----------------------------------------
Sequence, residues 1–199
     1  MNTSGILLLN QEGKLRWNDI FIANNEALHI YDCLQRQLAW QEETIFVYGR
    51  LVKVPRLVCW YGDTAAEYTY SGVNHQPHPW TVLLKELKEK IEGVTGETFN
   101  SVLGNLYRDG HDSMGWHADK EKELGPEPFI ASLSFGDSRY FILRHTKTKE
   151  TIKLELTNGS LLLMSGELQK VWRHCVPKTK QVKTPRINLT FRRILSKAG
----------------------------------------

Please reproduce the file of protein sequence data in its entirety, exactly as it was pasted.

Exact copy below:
Sequence, residues 1–199
     1  MNTSGILLLN QEGKLRWNDI FIANNEALHI YDCLQRQLAW QEETIFVYGR
    51  LVKVPRLVCW YGDTAAEYTY SGVNHQPHPW TVLLKELKEK IEGVTGETFN
   101  SVLGNLYRDG HDSMGWHADK EKELGPEPFI ASLSFGDSRY FILRHTKTKE
   151  TIKLELTNGS LLLMSGELQK VWRHCVPKTK QVKTPRINLT FRRILSKAG